poned campus election. They are, left to right, (standing) Arlynn Rosen, Ann Griffin, Marilyn Howell, Ruth Parsons, Margaret Elling-
wood, Bill Marcou and Jo Kitchen. Seated are Betty Cole, Joan Kampmeire, Val Johnson, Ellie Abramson, Ginny Nicklas and Audrey
Buttery. Missing from the picture are candidates Pete Elliot, Mary Wright, Nancy Culligan and Eugenia McCallum.

PARIS - (AP) - A responsible
Western source said the United
States,rBritain and France had
warned they may take separate
action in Berlin if Russiacon-
tinues trying to split the city.
The three powers were reported
to have acted together in a short
note handed to Dr. Juan Bramu-
glia, Argentine Foreign Minister
and outgoing United Nations Se-
curity Council President.
The Western warning was the
first official action taken after
the setting up of a Communist
rump municipal regime in Berlin.
The note was given to Bram-
uglia when he called on the West-
ern leaders about terms of a pro-
jected study by neutral nations of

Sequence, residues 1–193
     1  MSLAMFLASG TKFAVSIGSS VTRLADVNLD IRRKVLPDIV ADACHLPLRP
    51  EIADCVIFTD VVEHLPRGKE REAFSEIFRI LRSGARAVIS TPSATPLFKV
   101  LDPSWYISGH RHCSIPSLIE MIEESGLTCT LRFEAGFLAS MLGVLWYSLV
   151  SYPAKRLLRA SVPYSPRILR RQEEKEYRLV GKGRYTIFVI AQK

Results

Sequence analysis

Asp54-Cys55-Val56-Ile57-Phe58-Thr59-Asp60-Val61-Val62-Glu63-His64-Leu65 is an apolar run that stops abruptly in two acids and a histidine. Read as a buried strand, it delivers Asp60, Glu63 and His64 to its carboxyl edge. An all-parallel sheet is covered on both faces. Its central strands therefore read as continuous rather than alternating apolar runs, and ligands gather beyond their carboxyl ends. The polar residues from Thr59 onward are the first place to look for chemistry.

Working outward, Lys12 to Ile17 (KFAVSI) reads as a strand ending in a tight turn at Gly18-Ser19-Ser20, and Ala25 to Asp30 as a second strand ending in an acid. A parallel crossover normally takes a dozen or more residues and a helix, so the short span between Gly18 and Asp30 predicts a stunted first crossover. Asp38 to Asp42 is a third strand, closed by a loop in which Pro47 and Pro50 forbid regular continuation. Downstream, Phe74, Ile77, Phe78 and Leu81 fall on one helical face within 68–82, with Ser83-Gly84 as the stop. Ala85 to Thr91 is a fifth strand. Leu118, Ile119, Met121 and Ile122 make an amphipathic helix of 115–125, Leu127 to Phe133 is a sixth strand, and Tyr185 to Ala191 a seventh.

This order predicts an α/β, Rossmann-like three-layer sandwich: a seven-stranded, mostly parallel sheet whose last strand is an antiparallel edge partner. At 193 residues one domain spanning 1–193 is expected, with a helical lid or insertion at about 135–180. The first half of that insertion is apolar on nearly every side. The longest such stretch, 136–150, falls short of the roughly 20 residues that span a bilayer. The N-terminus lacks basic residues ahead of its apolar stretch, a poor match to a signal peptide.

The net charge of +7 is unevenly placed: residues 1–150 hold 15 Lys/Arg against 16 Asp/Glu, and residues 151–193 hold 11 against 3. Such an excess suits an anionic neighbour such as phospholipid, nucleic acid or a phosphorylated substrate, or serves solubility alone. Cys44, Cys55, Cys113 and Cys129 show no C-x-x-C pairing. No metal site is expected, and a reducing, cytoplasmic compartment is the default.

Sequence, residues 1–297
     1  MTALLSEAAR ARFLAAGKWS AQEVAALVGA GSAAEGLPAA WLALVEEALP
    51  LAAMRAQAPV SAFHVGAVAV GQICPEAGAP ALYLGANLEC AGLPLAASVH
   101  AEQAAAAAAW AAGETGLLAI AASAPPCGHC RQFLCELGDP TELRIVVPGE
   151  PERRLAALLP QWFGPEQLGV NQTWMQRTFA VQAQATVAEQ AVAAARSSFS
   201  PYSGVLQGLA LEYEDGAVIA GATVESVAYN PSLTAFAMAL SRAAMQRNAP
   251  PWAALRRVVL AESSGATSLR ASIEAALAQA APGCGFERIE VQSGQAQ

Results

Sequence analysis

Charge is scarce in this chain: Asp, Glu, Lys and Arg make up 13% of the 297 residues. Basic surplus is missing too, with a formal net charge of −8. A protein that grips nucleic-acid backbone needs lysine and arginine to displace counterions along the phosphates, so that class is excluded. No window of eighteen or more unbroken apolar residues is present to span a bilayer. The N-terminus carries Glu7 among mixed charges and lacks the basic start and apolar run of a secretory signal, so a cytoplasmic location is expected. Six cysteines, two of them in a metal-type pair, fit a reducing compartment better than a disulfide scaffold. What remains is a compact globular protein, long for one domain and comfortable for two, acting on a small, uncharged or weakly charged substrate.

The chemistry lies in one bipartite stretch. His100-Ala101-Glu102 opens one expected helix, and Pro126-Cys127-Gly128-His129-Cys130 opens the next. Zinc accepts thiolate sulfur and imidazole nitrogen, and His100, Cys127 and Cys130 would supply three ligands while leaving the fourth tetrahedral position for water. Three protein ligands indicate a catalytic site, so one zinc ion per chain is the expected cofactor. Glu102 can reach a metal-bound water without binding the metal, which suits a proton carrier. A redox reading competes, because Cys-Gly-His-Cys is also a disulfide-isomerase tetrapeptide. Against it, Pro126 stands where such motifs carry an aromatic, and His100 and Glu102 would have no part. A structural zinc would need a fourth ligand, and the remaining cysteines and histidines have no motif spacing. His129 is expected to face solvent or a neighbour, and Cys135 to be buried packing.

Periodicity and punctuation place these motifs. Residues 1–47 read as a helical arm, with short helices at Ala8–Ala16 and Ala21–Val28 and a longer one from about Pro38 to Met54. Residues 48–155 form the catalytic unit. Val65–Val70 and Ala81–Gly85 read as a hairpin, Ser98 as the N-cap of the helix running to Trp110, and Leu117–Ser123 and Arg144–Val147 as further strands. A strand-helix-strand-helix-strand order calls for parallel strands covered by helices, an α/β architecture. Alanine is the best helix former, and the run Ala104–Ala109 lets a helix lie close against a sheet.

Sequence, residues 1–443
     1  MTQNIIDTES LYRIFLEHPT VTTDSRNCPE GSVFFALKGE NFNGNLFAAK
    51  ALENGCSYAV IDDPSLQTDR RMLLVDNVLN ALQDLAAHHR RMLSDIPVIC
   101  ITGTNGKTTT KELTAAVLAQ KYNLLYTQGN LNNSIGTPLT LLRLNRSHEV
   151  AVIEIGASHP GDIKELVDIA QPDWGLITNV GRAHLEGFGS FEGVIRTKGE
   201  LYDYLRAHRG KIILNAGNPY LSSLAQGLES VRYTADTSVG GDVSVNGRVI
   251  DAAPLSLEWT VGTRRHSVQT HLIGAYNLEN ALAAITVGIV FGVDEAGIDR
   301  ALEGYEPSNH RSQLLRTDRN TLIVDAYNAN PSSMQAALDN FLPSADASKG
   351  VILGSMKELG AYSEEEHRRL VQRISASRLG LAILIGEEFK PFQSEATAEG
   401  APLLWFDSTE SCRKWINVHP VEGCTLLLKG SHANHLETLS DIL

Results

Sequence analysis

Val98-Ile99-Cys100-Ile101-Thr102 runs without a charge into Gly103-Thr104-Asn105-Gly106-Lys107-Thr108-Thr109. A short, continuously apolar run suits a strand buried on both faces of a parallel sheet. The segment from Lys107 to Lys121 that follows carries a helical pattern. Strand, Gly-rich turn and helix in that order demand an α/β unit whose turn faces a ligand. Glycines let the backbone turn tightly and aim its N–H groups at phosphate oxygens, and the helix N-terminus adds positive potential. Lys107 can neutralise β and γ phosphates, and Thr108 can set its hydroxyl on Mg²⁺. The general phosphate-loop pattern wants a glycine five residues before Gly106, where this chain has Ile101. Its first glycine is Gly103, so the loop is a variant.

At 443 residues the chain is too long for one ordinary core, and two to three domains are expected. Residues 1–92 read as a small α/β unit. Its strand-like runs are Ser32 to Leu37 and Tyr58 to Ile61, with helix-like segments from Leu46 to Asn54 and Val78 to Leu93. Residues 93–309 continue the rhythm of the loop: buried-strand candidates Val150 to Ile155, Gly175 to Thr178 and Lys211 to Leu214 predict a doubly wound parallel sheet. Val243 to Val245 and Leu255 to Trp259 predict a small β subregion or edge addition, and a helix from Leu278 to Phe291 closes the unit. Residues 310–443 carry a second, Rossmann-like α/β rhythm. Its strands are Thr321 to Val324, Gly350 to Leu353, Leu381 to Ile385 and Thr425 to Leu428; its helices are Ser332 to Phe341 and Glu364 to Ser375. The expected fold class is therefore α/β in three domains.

the east-west currency fight in
Berlin, the diplomatic informant
said.
Educators Will
Attend Final
MeetingToday
The annual Conference on
Higher Education will close at
12:30 p.m. today in the Union
with a discussion on "Higher Ed-
ucation and the Schools of the
State."
The conference heard Vice
President James A. Perkins of
Swathmore College say last night
that the recent report of the Pres-
ident's Commission on Higher Ed-
ucation will do little toward re-
solving the present problems fac-
ing private institutions.
"Although I agree with much of
the report's criticism, I can not
agree with its proposed solutions,
for they ignore the practical ad-
ministrative side to the issues," he
said.

Voted

Yesterda y
Big Turnout
Forecast by
SL Officials
Boxes Stored in
Ruthven Cellar
Voting will continue today in
the second round of the campus,
elections.
,At the half way mark last night,
SL officials estimated that over
4,400 votes had already been cast.
Elections Committee chairman